Emmanuel George Cefai

Veteran Poet - 2,751 Points (12th March 1955 / Victoria, Gozo)

O Let Me Tell You,


‘O let me tell you, ’
Said the old white beard
And he sighed
And he groaned
Then continuing said
‘when yonder buildings
Were just a green field’


‘I knew them in my youth
I knew them in boyhood
And in my old age
I only view the stones and
Cement
Bury the view that once I
Sat upon’


‘Yon, yon there was an oak
Old oak with boughs
And branches furnished all
For housing of wise owls
Aged and younger nightingales
Who sang all seasons
maturely in the
Nights’



‘How many glimpses of
White come and go
saw I as in the dark of night
the ghosts and shrouds
played round the oak:
fearless the friendly owls
continued still and fearless
sang all night the nightingales’



‘’But ah! times change
As the Latin assert:
O times! O customs!
Before more in the eyes
Of the owners as a field
A pride of land it was
But then came times
When sound of coins
Dross papers and dross
Wealth the brain and will
That was before blinded’



‘No longer the tree that
majestic loomed; no longer
friendly round played
ghosts and shrouds
and in full sight of
all the other trees.
No longer now.
The owls have aged and
Gone their young ones
Flew and the same fate
Followed the nightingales’



‘Now only the winds neighs
And this
On wintry days of hoar
Mostly and generally:
Its sad heart emptying
And this sad tale
In its rough language telling.
Now only the wind,
Now only the wind neighs’

Submitted: Tuesday, January 21, 2014
Edited: Wednesday, January 22, 2014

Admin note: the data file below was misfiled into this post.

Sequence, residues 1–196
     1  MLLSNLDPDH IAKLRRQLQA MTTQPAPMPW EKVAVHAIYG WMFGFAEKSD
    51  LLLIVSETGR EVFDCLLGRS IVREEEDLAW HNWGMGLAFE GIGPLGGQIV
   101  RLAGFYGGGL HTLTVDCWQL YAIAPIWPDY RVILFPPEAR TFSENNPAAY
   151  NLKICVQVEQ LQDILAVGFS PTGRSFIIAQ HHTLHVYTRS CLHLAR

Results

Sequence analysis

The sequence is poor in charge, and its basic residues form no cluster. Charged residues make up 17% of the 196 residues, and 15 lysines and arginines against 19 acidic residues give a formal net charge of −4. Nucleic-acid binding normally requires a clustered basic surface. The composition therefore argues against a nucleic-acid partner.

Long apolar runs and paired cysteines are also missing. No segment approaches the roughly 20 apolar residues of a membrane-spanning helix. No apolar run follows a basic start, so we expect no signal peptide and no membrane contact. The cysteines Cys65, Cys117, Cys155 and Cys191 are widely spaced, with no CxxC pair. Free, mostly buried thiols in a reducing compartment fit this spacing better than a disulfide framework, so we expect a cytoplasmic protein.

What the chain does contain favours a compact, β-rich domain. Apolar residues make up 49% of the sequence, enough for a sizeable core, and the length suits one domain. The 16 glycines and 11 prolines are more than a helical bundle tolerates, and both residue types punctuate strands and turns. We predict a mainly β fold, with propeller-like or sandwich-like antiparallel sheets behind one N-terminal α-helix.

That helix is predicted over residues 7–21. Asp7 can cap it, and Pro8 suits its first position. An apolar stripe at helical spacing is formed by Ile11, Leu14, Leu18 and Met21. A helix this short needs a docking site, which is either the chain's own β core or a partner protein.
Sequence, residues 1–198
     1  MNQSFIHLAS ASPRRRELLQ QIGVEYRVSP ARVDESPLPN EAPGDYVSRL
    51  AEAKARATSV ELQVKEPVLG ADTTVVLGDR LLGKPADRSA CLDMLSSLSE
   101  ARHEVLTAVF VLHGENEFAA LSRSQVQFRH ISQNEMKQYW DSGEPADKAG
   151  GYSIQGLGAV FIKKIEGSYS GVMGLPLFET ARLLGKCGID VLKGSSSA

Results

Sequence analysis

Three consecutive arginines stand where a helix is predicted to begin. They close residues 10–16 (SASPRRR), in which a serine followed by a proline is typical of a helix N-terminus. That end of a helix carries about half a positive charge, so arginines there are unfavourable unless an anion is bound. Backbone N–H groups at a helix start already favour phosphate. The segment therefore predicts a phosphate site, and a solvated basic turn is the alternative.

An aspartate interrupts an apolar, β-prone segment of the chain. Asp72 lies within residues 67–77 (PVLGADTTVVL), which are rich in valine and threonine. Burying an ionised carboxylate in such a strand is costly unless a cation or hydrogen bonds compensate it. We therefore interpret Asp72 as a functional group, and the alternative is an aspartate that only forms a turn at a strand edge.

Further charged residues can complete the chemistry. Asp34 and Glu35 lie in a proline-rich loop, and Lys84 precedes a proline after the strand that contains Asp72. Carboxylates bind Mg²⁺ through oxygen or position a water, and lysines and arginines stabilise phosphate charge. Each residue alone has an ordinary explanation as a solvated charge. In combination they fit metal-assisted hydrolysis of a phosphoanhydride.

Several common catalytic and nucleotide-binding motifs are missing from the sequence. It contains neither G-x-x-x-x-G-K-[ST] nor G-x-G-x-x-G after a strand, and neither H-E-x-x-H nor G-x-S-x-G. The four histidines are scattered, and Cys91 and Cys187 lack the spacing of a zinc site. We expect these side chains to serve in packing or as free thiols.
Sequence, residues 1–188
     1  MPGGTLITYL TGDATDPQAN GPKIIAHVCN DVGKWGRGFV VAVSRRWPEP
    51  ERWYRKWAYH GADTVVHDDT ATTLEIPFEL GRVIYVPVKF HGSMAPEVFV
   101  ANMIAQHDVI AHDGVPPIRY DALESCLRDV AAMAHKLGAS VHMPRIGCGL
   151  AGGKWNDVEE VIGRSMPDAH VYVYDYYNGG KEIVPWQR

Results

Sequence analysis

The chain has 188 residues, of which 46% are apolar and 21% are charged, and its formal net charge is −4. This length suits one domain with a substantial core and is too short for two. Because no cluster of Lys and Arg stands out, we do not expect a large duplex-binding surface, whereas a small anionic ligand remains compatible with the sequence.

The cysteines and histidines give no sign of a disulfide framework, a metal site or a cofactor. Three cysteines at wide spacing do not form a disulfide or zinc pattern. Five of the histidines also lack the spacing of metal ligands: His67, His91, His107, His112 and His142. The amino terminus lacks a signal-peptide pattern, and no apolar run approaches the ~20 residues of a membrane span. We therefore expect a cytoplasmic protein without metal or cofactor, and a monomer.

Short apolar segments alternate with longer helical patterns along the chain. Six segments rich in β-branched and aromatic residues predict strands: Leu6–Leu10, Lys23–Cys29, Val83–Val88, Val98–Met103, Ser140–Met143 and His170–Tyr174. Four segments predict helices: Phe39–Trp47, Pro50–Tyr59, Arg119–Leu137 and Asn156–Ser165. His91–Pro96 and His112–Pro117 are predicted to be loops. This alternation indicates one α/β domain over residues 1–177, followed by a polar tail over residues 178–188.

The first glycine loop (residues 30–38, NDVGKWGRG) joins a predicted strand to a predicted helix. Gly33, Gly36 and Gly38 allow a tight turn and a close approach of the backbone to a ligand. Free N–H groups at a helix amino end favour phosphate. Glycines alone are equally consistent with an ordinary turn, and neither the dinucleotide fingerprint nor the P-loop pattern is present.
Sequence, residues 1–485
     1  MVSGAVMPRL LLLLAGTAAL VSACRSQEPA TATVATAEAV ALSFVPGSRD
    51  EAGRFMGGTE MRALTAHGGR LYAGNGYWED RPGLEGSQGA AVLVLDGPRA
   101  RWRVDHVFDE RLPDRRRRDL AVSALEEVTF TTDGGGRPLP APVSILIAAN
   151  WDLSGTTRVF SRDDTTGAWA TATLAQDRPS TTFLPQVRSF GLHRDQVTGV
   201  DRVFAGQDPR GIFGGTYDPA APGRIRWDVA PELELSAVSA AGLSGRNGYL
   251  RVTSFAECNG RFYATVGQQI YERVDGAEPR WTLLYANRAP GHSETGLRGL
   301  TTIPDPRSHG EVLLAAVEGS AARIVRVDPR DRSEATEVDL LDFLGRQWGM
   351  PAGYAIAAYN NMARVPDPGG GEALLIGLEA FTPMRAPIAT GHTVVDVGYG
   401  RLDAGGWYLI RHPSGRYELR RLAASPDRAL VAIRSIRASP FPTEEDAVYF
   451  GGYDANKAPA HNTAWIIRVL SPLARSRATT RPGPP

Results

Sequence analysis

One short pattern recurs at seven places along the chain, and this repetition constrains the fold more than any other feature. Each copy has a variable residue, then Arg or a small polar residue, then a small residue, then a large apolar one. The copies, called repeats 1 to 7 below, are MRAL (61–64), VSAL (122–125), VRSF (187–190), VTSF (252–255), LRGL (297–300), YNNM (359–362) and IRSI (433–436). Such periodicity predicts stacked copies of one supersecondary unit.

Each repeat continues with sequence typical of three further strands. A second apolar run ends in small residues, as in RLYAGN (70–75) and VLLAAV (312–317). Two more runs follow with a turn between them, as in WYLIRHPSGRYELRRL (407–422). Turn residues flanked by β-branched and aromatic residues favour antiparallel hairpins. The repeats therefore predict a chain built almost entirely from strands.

Form:


Do you like this poem?
2 person liked.
0 person did not like.

Read this poem in other languages

This poem has not been translated into any other language yet.

I would like to translate this poem »

word flags

What do you think this poem is about?

Comments about this poem (O Let Me Tell You, by Emmanuel George Cefai )

Enter the verification code :

  • Rookie Daniel Brick (6/13/2014 2:25:00 PM)

    This is a classic poem that laments the changes in the world starkly visible in one person's lifetime. And I mean classic in the sense of poetry written in the nineteenth century which could still remember the pastoral tradition of poetry even as that landscape was destroyed to make room for urban and industrial growth and sprawl. I like the way you highlight certain natural things to measure the loss - owls, nightingales, oak trees, and (surprisingly) ghosts. This poem reminds me of Matthew Arnold's SCHOLAR GYPSY, a beautiful lament from the same deep heart-felt source as your poem. Both poems speak in measured tones of the loss of landscape and the wounding of the soul of things. (Report) Reply

  • Veteran Poet - 2,763 Points Valerie Dohren (1/21/2014 12:14:00 PM)

    So sad that our natural environment is being replaced with concrete. Well said Emmanuel, and well written. (Report) Reply

Read all 3 comments »

Trending Poets

Trending Poems

  1. Still I Rise, Maya Angelou
  2. If, Rudyard Kipling
  3. The Road Not Taken, Robert Frost
  4. Dreams, Langston Hughes
  5. If You Forget Me, Pablo Neruda
  6. Annabel Lee, Edgar Allan Poe
  7. I Know Why The Caged Bird Sings, Maya Angelou
  8. Daffodils, William Wordsworth
  9. Stopping by Woods on a Snowy Evening, Robert Frost
  10. Phenomenal Woman, Maya Angelou

Poem of the Day

poet Hilaire Belloc

Matilda told such Dreadful Lies,
It made one Gasp and Stretch one's Eyes;
Her Aunt, who, from her Earliest Youth,
Had kept a Strict Regard for Truth,
Attempted to Believe Matilda:
...... Read complete »

   

Member Poem

New Poems

  1. Hari Om, Bijay Kant Dubey
  2. सपना इतना..sapna itna, hasmukh amathalal
  3. Hard labour, hasmukh amathalal
  4. Peace will prevail..., veeraiyah subbulakshmi
  5. Divine Vs Divination, Nalini Jyotsana Chaturvedi
  6. Richmond Explodes, John Allen Richter
  7. Solomon's empire, hasmukh amathalal
  8. Restart, Nalini Jyotsana Chaturvedi
  9. A Naat A warning Paposh Hayn Hum, Akhtar Jawad
  10. Values, Luo Zhihai
[Hata Bildir]